Below are my posts that are tagged "sacrifice"

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Jul 20

life through sacrifice

I have been thinking about this quote for a few weeks now. I have had it displayed on my chalkboard for awhile and think about it often.

IMG_9677“Live hard. Enjoy every moment. Get blisters and on your deathbed receive death as the grace it was intended to be.” – ND Wilson

How can we receive death as a grace? Isn’t death scary, sad, and the very thing we strive to avoid? In Christ, on the contrary. God has designed it to be a blessing. At the end of a long, hard, and happy life, death IS a blessing. I love how death is indeed a grace for those in Him, who have worked hard – putting it all on the line, and for those who have enjoyed the struggles and the joys life has thrown at them.

Along these same lines, Ian and I have been talking lots about sacrifice. It’s a good way to live life, sacrificing for one another. Laying down our lives daily for one another. Christ sacrificed for us and therefore, we sacrifice for others. It’s only through the cross that sacrificing even makes sense. We as Christians should be the foremost in laying down our lives with joy!

I have struggled being grabby with “Ian time.” When he is home, I want him all to myself. I don’t want to have people over too often or let him go get too many coffees with other guys. But just in the last few months Ian and I  have been talking about bleeding for the church. And that has gotten me REALLY excited to lay down my life (time, naps for the kids, my agenda, and money) for His people. Just a few ways we have been trying to apply this is by having people over more regularly (and focusing more on them then whether my house is perfectly clean or not), by me being excited to have Ian meet with other guys, and by getting together with others more often during the week. I have found when I am thinking about laying down my life and leaving a piece of my heart here in NC, I get really excited to bleed!

And I love how when you feel like you have nothing left to give or to sacrifice, Christ just keeps giving you more grace. What a kind God we serve.

I can’t wait to see what other good thoughts are in ND Wilson’s new book, “Death by Living”. I am sure it won’t disappoint.

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do

Jun 22

death and dirt

A thought struck me the other day as I was meeting with a group of guys, talking about the topic of humility. Humility is something that we rarely ever talk about but yet most, if they were asked directly, would admit that they aspire to at least to some form of it. We rarely talk about humility probably due to the fact that (1) most of us are not really too excited about being known for humility – because it often appears weak – and (2) we are afraid of appearing “holier than thou” (as though holiness were something to avoid). Though many of us may get excited about the honor that is directed at the humble – we just want the honor, not the humility.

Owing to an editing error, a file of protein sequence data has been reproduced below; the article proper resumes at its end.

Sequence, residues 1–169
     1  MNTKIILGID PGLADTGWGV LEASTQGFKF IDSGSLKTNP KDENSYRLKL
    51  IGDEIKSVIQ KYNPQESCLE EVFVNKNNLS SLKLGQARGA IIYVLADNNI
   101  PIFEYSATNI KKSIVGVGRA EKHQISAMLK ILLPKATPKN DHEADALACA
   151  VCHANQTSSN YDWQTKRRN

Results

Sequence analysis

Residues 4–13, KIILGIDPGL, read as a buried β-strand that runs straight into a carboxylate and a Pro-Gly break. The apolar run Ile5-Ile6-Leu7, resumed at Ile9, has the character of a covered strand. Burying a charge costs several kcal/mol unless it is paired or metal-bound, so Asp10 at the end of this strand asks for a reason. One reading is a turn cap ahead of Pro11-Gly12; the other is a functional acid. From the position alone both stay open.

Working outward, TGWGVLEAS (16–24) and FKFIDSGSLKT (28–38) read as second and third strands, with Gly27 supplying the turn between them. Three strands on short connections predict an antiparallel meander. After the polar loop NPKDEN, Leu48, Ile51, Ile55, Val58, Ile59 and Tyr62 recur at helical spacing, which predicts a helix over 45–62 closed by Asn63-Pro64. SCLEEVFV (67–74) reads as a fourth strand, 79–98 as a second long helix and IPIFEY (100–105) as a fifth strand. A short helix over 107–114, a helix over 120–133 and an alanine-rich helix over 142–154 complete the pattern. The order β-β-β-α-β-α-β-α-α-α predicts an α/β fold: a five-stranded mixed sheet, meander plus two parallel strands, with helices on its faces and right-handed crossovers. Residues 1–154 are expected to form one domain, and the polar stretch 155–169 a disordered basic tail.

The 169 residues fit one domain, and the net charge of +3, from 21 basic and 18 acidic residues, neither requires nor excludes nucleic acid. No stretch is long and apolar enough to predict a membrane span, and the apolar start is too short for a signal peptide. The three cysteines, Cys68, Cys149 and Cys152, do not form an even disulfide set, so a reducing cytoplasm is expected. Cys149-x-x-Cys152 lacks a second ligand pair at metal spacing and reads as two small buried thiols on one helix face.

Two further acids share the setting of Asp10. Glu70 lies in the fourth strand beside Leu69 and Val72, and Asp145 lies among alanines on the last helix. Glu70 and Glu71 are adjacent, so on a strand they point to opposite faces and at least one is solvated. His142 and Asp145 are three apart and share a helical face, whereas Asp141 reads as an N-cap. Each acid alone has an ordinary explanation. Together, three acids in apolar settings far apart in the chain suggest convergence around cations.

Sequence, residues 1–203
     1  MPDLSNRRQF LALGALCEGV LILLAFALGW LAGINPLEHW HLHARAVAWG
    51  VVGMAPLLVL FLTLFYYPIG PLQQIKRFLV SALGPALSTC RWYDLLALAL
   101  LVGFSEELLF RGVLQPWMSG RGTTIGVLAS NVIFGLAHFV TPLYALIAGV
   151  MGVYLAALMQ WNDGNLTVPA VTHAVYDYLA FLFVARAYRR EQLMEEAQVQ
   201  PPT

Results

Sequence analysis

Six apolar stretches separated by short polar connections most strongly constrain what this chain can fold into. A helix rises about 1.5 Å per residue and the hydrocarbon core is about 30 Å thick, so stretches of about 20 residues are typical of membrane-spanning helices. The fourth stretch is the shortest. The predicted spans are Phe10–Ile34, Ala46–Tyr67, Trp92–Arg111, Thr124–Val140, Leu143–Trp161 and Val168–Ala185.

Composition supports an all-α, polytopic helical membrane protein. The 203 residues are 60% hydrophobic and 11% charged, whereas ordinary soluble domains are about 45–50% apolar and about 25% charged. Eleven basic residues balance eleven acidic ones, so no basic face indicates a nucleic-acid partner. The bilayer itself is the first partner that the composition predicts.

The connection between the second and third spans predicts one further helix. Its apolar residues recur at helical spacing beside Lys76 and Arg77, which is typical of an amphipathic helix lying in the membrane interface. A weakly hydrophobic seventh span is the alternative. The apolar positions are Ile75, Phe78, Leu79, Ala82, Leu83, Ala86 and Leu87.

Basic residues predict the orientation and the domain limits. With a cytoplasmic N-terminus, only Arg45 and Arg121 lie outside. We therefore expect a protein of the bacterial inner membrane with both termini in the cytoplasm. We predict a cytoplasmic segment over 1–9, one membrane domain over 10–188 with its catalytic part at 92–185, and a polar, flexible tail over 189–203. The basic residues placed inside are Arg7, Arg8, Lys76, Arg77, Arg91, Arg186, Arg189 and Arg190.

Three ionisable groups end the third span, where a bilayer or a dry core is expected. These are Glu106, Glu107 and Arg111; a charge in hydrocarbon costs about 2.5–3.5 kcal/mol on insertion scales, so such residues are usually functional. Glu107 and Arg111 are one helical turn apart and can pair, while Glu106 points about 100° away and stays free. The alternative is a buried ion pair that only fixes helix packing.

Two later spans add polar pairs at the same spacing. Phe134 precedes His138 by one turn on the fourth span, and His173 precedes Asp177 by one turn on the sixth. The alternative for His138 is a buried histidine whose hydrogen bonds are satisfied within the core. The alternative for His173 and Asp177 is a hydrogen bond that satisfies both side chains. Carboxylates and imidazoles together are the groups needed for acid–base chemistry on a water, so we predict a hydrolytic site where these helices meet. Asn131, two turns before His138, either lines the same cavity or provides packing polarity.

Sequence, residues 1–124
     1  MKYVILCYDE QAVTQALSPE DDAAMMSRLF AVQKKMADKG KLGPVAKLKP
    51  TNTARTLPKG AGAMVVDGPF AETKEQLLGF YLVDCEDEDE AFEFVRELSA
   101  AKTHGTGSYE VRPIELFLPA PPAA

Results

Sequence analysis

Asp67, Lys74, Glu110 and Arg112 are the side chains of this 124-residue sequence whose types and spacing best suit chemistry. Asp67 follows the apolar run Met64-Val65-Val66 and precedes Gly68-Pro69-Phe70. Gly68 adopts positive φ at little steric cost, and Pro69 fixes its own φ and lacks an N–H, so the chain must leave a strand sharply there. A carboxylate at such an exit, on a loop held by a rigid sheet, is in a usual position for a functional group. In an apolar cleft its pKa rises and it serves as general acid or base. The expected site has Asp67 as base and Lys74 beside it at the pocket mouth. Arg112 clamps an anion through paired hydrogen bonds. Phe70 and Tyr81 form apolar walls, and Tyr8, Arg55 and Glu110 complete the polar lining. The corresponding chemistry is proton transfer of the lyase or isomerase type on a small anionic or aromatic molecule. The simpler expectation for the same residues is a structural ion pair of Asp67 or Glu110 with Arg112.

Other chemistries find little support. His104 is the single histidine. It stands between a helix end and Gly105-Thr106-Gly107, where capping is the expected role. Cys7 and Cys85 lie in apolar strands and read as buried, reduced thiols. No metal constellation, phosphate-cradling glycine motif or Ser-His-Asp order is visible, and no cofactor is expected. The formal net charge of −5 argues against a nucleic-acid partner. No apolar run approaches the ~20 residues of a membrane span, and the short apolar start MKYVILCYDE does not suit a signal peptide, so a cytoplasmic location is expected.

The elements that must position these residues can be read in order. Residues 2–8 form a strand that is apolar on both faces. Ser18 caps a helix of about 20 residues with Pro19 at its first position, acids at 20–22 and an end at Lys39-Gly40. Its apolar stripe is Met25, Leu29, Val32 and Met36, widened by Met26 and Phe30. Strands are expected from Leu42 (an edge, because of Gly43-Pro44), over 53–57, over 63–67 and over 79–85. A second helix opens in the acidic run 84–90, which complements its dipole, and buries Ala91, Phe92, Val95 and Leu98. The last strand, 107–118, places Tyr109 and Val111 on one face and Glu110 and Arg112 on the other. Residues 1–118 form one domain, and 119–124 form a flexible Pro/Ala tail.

We are often disgusted at those “fakers” we see who go through the motions but obviously have selfish motives. Though we may despise others for insincere motives we have no problem with it when it comes to our own practice of it. We find avenues to display what have been labeled “humble actions” to avoid having to do anything that might look weak or spineless in others’ eyes.

Whatever our rationale is for our aversion to humility – whether that be to the idea of it (which we may be fond of) or to the actual practice of it (which is on completely different level) – the truth is that humility could not be more opposed to our fleshly nature. Being that Christ is the ultimate example of humility we might say that to aspire to humility is to aspire to holiness. And it is at this point that we realize our dramatically distorted concept of humility is only echo of the true form.

We would much prefer the veneer of humility that we have adopted because it only requires going thru the motions of sacrifice but lacking the necessary death and dirt that is associated with true humility. True humility does not seek to maintain a squeaky-clean reputation as we commonly esteem “cleanliness” because it is more concerned about the one being sacrificed FOR and not itself. Christ taking the form of a man and being crucified like a criminal seems silly if the point was to keep a squeaky clean image. He displayed the true essence of humility in bearing our stripes and going to the grave.

We, however, are afraid of the dirt of sacrifice because we’ve spent a lot on building our wardrobe of humility. We act as though humility can be assembled with all it’s necessary parts like an outfit we pick out for the next day. If we simply put on these clothes, we can still maintain a good image and no pain or dying is necessary. If people recognize our “humility clothes” and associate those with humility our only remaining task is one of laundry, not heart change. Chances are, if it is true humility in action, on-lookers won’t be complimenting your outfit, they’ll be laughing at it.

True humility is only possible because of Christ’s death on the cross and resurrection. It only makes sense in his economy. Let’s not settle for the cheap stuff. Look to him as the example by and for which to live that example. If we are aiming for true humility we must not be afraid of dirt and most importantly the necessity of death. Because it is only when we die that we will find true life.

So in all our “doing”, men, let’s be known for humility. Let’s lay down our lives for our families and for one another and be the type of people worth following and hanging around. Stop gawking at others humility outfits or encouraging a culture where pride is a masculine necessity. If we are not striving for humility, the default of pride will most certainly take over.

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